When director Hansal Mehta watched Wrong Side Raju and Bey Yaar, he immediately knew that Gandhi could make a great Harshad Mehta. A call went from him and Gandhi was summoned for an audition at casting director Mukesh Chhabra’s office in Juhu. The audition involved enacting the scene where Harshad is finding his way inside the BSE as a jobber but is rudely told off by the watchman. “It’s the first time you see Mehta charming his way in.” Off-screen, it was Gandhi who was doing the same.
In many ways, Gandhi’s performance in Scam 1992 is a culmination of the early mornings and the late nights spent in rehearsal halls, talking to a sparse audience, diligently delivering his monologues.
As Harshad Mehta, Gandhi rips into the character, invents new mannerisms and offers little touches, and manages to convey through his gaze that while his body might be in the present, his mind is a spinning top, racing ahead, thinking, scheming, planning. The show in itself is beautifully mounted and has an ensemble of excellent actors. It paints an empathetic picture of Harshad Mehta but is unsparing in its moral condemnation. Like the character, the show is about insatiable greed in a city made of it but it’s also about something else: of a rank outsider breaking the monopoly of a few power elites and claiming his share of a (mostly) illegal pie. They—his rivals—go after him not because of what he was doing, but because of who he was and where he came from.
It’s a struggle, glimpses of which Gandhi has seen at close quarters throughout his career, so when Hansal Mehta asked him to think about the role, his immediate reaction was, “What’s there to think? I’m in!” To which Mehta replied, “Cool, so I’ll talk to your manager?” “No, sir, it’s just me.” His one brief: gain weight. Gandhi gained nearly 18 kilos for the part.
He connected the role of Harshad Mehta with that of Chandrakant Bakshi, the monologue he had performed on stage. “That was a guy who was all about his ego. But the brief that I was given was to perform it endearingly. I went back to that thought process.”
Although he watched a bunch of Harshad Mehta’s interviews, Gandhi was conscious of trying not to mimic him. “I had to imbibe the characteristics, not his public character. A lot of that is internal: self-pride, over-ambitious, casual condescension. I had to make that mindset my own. I made sure I was always acting with my body. If you see, either his feet or his finger or his face, there’s always a little movement there. It’s never still.”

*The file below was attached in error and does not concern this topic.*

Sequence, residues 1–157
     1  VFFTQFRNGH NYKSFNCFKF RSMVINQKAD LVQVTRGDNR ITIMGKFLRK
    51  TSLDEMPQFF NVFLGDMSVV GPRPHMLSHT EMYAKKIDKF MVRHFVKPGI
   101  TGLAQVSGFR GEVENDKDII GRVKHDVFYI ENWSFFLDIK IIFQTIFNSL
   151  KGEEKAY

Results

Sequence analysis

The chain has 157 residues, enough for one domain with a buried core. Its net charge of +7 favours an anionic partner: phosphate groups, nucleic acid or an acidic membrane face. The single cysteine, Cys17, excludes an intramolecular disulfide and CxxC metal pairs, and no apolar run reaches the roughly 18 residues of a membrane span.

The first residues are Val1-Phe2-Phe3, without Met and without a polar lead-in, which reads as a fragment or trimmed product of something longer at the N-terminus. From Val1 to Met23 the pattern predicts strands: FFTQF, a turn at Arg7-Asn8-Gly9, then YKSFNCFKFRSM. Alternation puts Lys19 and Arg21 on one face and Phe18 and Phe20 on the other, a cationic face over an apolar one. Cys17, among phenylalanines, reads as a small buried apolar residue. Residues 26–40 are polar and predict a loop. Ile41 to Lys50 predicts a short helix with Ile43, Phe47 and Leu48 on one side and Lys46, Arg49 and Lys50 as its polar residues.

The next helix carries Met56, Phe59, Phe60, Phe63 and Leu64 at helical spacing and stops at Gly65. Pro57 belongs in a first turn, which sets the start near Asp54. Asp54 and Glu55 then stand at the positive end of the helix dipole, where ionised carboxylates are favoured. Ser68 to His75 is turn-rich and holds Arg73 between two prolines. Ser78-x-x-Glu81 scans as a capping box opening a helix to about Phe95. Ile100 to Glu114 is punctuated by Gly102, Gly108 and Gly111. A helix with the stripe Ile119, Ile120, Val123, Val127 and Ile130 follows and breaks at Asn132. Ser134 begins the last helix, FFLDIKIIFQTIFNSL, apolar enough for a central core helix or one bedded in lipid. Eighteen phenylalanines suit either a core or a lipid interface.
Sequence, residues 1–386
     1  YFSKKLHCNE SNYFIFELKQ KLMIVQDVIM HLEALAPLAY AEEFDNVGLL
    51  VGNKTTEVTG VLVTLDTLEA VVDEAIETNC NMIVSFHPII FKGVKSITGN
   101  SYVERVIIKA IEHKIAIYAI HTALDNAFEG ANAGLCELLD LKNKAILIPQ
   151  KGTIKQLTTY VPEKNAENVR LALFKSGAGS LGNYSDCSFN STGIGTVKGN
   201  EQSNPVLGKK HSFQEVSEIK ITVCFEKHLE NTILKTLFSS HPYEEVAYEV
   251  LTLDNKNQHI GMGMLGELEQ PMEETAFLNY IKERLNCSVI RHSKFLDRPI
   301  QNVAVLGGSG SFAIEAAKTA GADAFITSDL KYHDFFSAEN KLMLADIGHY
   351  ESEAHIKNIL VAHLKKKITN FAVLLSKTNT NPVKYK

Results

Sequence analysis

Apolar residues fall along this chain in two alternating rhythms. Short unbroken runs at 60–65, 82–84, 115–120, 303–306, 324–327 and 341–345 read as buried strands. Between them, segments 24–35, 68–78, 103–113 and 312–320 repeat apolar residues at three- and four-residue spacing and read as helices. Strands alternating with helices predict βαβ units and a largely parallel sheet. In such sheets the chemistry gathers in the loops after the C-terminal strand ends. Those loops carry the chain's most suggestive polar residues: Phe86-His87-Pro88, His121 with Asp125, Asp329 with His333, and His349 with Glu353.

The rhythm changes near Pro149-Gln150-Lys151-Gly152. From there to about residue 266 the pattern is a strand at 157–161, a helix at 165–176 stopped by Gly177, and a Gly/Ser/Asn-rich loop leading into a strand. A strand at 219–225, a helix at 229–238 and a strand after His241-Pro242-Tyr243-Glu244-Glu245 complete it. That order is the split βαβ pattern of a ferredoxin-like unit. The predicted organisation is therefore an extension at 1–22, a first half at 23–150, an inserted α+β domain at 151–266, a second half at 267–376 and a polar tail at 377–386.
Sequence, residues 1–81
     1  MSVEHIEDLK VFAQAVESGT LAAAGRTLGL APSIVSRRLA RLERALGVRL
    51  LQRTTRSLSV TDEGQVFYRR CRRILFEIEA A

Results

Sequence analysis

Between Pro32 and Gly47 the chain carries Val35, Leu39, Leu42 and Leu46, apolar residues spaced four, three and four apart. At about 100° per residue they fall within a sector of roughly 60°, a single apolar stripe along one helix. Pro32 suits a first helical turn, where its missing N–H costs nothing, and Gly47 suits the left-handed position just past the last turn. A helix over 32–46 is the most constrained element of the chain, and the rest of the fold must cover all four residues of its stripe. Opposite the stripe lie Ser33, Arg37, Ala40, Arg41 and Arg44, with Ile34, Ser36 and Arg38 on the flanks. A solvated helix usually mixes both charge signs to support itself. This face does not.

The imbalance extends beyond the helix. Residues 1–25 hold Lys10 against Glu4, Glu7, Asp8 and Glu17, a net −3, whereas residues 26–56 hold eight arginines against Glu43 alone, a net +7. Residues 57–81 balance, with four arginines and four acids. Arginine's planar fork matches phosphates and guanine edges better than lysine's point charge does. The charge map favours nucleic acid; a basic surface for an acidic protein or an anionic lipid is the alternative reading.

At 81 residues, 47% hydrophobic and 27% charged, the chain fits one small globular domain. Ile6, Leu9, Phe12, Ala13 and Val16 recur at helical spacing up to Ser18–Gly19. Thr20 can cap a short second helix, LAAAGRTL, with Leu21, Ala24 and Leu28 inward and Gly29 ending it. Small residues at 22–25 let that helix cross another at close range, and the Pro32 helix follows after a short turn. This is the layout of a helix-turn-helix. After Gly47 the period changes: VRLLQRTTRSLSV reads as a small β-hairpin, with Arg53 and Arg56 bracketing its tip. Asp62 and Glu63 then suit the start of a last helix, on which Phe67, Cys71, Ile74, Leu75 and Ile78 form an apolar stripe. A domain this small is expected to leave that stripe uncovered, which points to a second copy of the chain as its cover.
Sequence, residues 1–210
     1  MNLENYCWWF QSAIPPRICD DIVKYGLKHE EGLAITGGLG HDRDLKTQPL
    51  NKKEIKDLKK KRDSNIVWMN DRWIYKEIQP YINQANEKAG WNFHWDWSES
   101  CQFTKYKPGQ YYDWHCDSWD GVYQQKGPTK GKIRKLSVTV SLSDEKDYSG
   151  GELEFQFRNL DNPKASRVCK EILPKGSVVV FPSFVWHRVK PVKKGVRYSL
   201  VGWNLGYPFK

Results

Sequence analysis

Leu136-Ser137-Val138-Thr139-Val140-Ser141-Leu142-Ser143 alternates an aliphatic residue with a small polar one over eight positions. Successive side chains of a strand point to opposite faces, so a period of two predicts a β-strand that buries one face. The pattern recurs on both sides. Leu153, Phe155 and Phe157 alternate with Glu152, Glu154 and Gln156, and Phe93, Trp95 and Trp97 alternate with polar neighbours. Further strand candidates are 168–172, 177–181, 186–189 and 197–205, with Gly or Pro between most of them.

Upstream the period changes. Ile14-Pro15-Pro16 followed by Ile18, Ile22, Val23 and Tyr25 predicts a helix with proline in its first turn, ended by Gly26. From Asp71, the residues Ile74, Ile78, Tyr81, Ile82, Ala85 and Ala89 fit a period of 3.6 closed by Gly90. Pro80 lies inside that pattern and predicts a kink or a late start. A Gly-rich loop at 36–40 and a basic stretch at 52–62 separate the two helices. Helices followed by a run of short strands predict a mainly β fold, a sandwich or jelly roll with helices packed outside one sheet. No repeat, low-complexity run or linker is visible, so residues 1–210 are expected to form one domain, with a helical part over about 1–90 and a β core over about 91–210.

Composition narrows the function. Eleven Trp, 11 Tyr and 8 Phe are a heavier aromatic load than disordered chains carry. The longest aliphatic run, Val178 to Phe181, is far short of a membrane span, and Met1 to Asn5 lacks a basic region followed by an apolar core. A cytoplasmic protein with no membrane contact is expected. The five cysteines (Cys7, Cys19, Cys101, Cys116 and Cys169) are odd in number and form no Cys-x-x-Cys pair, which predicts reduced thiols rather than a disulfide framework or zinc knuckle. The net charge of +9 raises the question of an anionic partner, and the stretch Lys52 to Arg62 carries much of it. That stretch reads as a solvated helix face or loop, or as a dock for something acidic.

Was Mehta directing him closely? “Not at all. He told me ‘do what you want to. It shouldn’t look forced’.” Throughout the shoot, Gandhi told himself: ‘don’t judge the character. Understand him’.
Did that risk glorifying the character? There are many moments in the show where you feel like rooting for him to get away.
“It’s from his point of view so it’s a very human thing to feel empathy. But nowhere are his actions justified. And since I’m playing him, I’ve to believe what he, in all likelihood, believed: that he’s right.”
Gandhi was walking a delicate line with the dialogue, some of which do have an over-the-top theatrical quality to them. “Oh, no, totally. It could have easily gone the Dabangg way,” he said, delivering a dialogue from the show, Salman Khan style. “It’s the pitch. To retain realism, you’ve to say those lines matter-of-factly. And not draw attention to them.”
As we wrap up, Gandhi looks at his phone, which had been on flight mode throughout the interview. Like the stock market bell, it starts buzzing again. He gets up and makes polite conversation while directing an old friend who’s in the room to scribble some notes. I peek in and see a list that has names of some of the most well-established filmmakers. A frenetic energy engulfs the room as I quietly slip out, knowing I took more time than I was promised. As I’m about to leave, one last question crosses my mind.
Gandhi is standing on the balcony, staring into the night.
Mumbai is smiling back.
“What about Harshad Mehta did you relate most closely to?”
“His desire to belong.”